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Superiority of tiotropium plus olodaterol in comparison with salmeterol plus fluticasone

Authors Tamura T, Satoh H

Received 18 March 2016

Accepted for publication 20 March 2016

Published 23 November 2016 Volume 2016:11(1) Pages 2909—2911

DOI https://doi.org/10.2147/COPD.S108763

Checked for plagiarism Yes

Editor who approved publication: Dr Richard Russell


Tomohiro Tamura, Hiroaki Satoh

Division of Respiratory Medicine, Mito Medical Center, University of Tsukuba, Ibaraki, Japan
 
We read with interest the article entitled “The lung function profile of once-daily tiotropium and olodaterol via Respimat® is superior to that of twice-daily salmeterol and fluticasone propionate via Accuhaler® (ENERGITO® study)” by Beeh et al.1 We would appreciate hearing from the authors on the three points as follows. First, the authors described inclusion criteria in the text and showed exclusion criteria in Table S1. However, we could not clearly understand how the authors excluded patients with bronchial asthma. We wondered whether there were a few patients with bronchial asthma included in this study, despite the study showing a superiority of tiotropium plus olodaterol in comparison with salmeterol plus fluticasone. Second, the authors showed that 59 of 288 patients were not randomized due to screening failure. We wondered whether a randomized error in such a large number of patients was unusual in a Phase III study and how the authors evaluated this. Third, as this study was a four-treatment, complete crossover study, the authors divided patients into four groups. We would appreciate hearing from the authors on what the effect of sequence had on the four treatments. Was there any effect of sequence on the results in this study? Please let us know how we should statistically evaluate its effect on the results.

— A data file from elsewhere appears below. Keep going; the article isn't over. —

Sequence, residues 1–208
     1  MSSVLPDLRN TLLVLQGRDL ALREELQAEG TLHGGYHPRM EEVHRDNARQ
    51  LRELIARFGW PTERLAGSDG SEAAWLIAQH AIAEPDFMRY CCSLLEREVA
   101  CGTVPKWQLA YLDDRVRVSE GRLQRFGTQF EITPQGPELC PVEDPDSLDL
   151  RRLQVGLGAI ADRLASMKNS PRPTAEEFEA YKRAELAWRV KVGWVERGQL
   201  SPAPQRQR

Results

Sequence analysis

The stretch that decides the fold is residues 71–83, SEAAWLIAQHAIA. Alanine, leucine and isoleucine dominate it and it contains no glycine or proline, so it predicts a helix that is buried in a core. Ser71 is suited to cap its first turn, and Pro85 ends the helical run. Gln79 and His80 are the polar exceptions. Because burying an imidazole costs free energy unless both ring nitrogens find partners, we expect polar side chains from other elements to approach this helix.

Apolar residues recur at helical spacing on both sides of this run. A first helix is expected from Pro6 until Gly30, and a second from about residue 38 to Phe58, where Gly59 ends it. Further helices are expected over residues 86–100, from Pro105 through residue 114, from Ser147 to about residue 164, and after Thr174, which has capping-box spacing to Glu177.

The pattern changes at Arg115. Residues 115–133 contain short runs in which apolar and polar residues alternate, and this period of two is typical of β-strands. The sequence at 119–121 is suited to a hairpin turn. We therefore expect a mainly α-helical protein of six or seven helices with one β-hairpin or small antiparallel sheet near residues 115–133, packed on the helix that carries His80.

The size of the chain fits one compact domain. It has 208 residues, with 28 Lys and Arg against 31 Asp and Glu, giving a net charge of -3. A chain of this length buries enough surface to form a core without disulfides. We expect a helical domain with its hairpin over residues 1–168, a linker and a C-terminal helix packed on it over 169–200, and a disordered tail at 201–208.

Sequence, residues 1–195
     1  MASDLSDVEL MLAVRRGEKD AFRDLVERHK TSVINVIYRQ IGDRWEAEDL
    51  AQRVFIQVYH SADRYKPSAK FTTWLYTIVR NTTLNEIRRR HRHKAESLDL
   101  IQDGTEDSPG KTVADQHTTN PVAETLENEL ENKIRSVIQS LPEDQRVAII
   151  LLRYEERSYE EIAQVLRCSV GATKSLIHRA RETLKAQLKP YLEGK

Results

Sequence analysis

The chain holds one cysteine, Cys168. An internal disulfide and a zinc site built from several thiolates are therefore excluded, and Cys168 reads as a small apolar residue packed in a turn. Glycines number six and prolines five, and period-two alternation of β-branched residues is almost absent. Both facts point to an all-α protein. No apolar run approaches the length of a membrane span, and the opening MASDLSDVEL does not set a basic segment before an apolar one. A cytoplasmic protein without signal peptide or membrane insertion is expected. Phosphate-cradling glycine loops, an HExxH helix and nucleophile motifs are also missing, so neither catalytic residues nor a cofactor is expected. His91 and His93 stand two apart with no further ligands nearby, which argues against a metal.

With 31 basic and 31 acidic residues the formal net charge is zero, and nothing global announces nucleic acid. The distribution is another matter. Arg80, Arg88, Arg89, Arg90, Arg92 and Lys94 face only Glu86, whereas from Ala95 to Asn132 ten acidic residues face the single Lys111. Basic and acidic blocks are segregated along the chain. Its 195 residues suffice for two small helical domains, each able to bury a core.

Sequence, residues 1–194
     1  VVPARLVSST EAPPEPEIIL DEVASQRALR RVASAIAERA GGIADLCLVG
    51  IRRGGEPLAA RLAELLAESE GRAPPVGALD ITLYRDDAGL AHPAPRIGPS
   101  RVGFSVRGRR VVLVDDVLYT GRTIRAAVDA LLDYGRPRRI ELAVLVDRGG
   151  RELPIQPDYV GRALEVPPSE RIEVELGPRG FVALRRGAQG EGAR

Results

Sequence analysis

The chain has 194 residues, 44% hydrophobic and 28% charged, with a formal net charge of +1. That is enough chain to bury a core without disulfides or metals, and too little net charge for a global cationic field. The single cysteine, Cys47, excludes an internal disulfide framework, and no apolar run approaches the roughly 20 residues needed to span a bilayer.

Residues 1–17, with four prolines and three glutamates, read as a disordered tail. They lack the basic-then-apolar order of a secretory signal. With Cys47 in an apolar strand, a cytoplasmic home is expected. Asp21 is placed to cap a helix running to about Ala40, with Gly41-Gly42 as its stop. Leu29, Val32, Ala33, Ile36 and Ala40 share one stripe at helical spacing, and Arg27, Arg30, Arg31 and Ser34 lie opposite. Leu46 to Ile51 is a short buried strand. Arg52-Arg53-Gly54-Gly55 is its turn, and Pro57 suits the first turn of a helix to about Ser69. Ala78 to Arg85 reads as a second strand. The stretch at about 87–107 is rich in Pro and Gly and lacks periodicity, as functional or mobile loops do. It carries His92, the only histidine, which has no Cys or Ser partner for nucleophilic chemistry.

View the original paper by Beeh and colleagues.
 

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